A COMMENT ON CONTEMPORARY LATVIAN POSTER ART
Latvian poster art created over the past decade has only just begun to appear in Western exhibitions and publications. One reason for this delay is the stolid image evoked by the mere mention of socialist realism as practiced doggedly in the Soviet Union over the past fifty years.
Along with a number of other national minorities, however, the young post-war generation of Latvian poster artists has been able to overcome stultifying official art policy to meld characteristics of a long-standing and pervasive folk art tradition with international influences in creating a new brand of art within the Soviet context.
Latvian folk art elements found in these contemporary posters include a palette of earth tones, the simplification and geometrization of forms, and use of metaphors and symbols as an abbreviated means of communication. The images depicted vary from the concrete, imbued with sentiment or humor, to the highly abstract. These ancient folk design principles are echoed in the minimalist movement, a style favored by a number of the artists represented here.
Other influences infusing these works include the constructivism and predilection for photomontage of the 1920s; areas of whimsical brushwork reminiscent of Japanese painting; the brooding manner of 1950s and 1960s Polish poster art; and 1960s trends as diverse as psychedelic art, Paul Davies-inspired disembodied limbs, and minimalism ą la Fontana.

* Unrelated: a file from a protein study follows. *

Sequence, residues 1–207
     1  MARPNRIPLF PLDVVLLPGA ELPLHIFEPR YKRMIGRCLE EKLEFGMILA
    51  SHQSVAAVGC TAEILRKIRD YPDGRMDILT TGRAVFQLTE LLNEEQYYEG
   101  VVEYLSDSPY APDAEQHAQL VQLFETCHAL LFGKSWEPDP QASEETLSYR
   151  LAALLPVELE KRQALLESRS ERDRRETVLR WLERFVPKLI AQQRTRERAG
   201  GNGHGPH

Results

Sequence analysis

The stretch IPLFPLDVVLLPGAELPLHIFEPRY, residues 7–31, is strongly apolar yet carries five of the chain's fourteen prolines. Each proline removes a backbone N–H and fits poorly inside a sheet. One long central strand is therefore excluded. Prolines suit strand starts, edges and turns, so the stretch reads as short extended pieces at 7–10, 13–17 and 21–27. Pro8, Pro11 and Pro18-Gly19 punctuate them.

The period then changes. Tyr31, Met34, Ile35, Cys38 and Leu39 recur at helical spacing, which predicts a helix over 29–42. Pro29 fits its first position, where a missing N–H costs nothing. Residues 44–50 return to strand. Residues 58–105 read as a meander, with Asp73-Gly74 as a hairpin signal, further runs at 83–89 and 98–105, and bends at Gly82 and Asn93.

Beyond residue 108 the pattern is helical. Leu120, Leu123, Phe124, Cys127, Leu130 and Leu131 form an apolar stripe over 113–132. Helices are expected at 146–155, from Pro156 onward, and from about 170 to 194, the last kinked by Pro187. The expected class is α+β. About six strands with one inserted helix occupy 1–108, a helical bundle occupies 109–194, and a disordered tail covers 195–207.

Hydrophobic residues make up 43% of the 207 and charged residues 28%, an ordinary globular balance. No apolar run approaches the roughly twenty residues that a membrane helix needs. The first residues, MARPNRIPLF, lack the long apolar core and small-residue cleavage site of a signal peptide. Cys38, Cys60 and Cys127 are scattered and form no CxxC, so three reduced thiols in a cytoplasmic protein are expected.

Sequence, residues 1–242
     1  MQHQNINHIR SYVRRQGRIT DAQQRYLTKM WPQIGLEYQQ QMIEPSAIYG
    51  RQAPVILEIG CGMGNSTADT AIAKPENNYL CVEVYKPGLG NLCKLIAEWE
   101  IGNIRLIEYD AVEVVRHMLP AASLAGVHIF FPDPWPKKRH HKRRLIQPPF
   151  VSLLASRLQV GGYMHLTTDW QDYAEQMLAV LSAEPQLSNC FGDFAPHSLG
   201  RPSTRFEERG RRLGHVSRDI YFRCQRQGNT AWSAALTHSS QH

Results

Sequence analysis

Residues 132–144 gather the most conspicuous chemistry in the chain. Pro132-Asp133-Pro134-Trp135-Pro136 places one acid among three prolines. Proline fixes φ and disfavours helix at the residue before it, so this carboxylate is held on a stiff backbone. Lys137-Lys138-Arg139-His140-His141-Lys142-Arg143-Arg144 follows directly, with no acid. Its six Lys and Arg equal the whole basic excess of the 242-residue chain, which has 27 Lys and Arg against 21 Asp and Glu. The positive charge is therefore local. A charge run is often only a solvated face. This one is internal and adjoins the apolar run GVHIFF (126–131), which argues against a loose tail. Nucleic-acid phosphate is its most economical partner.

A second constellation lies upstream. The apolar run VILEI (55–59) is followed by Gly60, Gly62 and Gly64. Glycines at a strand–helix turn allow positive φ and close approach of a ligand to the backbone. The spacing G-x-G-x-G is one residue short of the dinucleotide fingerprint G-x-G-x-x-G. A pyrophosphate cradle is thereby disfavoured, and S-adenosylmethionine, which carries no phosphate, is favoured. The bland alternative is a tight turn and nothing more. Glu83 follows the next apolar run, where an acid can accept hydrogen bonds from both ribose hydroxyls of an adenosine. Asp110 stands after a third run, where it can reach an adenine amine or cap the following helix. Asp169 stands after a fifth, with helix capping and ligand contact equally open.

The seventy-odd posters shown here employ a wide range of media and techniques (oil, gouache, tempera, acrylics, photomontage, offset) and formats (typographic, photographic, drawn or painted image, image juxtaposed with text). Favorite themes are the theater, events, particularly exhibitions; well-known Latvian personalities; and the ubiquitous propaganda poster, ranging from blatant political messages to the espousal of environmental and other causes.
As they have become increasingly better known, these artists have garnered critical acclaim through international competition and reproduction in publications. It is the intent of this exhibition further to acquaint the public with these works in the hopes that it, too, will find reason to acclaim contemporary Latvian poster art.
Finally, the winners of the recent "Ceļinieks" literary translation competition are announced in this issue. First prize is shared by Juris Kronbergs (Sweden), Ilze Muellere (USA), and Bitīte Vinklere (USA). Ojārs Krātiņš (USA) wins second prize. Third prize is shared by Inese Auziņa-Smith (Britain), Inta Ezergaile (USA), Ojārs Rozītis (W. Germany), Skaidrīte Leja (Canada), and Sarma Draviņa (Sweden). An interesting evaluation of the relative merits of modern Latvian writers came out of the competition, which had 31 participants: the authors deemed most worthy of translation were first Imants Ziedonis, second Gunars Saliņš, and third, all equally, Alberts Bels, Aleksandrs Čaks, Regīna Ezera, and Jānis Jaunsudrabiņš.
The cover is by Ilmārs Rumpēters.